Low Knapweed, 1Part of the BM125 project involved taking ideas about the Collections back into the landscapes a lot of those collections came from. In July, as one of our public events, Creeping Toad teamed up with Borderland Voices to host a poetry and art day at the Dove Valley Centre in the Upper Dove Valley fitting the day into the Buxton Fringe Festival

 

 

26 people joined us for a day of walking and wandering, scribbling ideas, sharing words, creating pictures and eating cake. We didn’t tie the day to any particular artefacts but drew upon the historic landscapes of the Moorlands and poems unfolded about the flowers we met, the drystone walls and the agricultural history of the area. The clear night-time skies over the dales inspired solar system pictures while other people focussed in to capture the flowers of traditional haymeadows.

Solar system copy

Poems from the day are being posted on the Creeping Toad blog and some of the shorter pieces, especially the riddles, will be logged onto the Wonders of the Peak app to tempt people out walking to create their own

 

Rock-weigher,

Field-ruler,

Bone-layer,

Stone-shepherd*

Have a go yourself?

A quick haiku activity: go outside and sit down on the ground if you can. There, a) look at the sky above, b) touch the ground below, c) reflect on how these sensations make you feel. Turn those three thoughts into 3 lines. You might use the syllable convention ( 5 syllables, 7 then 5 again) but you don’t have to! Go for short, clear images and hold onto room to breathe….(Looking up, reaching down are a good pair of sensations, you could use others!)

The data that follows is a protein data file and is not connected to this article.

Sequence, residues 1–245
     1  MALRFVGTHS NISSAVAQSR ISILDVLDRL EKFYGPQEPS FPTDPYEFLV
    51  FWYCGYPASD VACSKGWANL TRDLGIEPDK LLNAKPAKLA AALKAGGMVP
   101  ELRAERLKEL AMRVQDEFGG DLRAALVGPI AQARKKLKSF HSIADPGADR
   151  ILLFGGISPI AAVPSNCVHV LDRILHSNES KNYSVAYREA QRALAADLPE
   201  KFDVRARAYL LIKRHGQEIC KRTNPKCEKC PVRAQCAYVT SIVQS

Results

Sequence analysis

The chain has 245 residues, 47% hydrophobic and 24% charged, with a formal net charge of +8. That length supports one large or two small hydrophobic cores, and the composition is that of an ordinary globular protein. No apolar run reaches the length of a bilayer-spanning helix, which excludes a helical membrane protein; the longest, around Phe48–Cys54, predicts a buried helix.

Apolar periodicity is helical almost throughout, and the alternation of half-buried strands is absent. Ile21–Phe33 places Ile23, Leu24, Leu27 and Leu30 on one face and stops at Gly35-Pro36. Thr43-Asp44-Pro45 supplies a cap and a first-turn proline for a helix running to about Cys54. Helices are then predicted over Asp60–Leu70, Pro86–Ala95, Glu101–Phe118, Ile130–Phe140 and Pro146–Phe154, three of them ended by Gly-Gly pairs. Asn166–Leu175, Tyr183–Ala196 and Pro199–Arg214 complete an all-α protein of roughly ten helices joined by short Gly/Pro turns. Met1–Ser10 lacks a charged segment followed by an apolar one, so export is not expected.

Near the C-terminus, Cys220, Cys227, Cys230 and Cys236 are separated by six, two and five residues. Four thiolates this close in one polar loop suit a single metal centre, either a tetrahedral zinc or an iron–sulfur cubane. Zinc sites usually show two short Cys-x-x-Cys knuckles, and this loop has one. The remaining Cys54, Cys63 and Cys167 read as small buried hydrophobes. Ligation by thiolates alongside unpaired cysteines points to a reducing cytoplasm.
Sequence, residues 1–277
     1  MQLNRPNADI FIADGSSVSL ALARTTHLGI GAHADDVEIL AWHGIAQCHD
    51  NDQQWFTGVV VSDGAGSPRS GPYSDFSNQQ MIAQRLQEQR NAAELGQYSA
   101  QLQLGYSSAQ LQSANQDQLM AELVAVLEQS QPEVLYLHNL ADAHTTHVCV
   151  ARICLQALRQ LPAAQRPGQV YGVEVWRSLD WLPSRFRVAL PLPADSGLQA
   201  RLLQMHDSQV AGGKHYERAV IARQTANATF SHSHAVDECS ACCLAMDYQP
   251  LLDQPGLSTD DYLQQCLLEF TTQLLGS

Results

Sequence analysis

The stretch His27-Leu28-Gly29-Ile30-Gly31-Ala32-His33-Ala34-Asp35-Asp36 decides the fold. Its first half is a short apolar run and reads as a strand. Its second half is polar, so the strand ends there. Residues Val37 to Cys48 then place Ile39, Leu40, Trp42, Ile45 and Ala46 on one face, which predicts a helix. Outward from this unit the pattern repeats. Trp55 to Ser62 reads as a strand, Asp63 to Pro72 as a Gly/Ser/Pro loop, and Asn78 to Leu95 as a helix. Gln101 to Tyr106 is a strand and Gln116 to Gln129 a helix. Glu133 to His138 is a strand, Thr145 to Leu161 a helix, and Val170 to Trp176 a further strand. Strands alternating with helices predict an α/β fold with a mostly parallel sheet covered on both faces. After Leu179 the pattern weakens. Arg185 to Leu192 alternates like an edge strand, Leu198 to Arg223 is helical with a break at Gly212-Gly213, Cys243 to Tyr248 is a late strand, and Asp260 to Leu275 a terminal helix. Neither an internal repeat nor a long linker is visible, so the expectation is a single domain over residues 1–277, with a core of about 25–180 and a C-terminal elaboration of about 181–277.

Two haiku:

Whispers in the grass

Little rustles through small stems

Wind flowing freely

Low flower strip

Performance begun

Wind playing its instruments

Grass whispers softly

 

Thanks to our Whispers poets and artists

The opening poem is by Mary King,

for the others we haven’t got notes of the poets names!

*answer: drystone waller

Creeping Toad blogs:

Summer warmth

Echoing the sky

A voice in a field

DVC morning
morning from the Dove Valley Centre

 

Bear Days in Buxton

Bear detail

Celebrating the years that something has been standing stuffed but still growling in a museum may seem a bit odd, but “The Buxton Bear” has been a feature of the Museum since its arrival 30 years ago. When the Museum redesigned its Wonders of the Peak galleries in 2017 there was much debate about “whether the bear should go”.

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not a local bear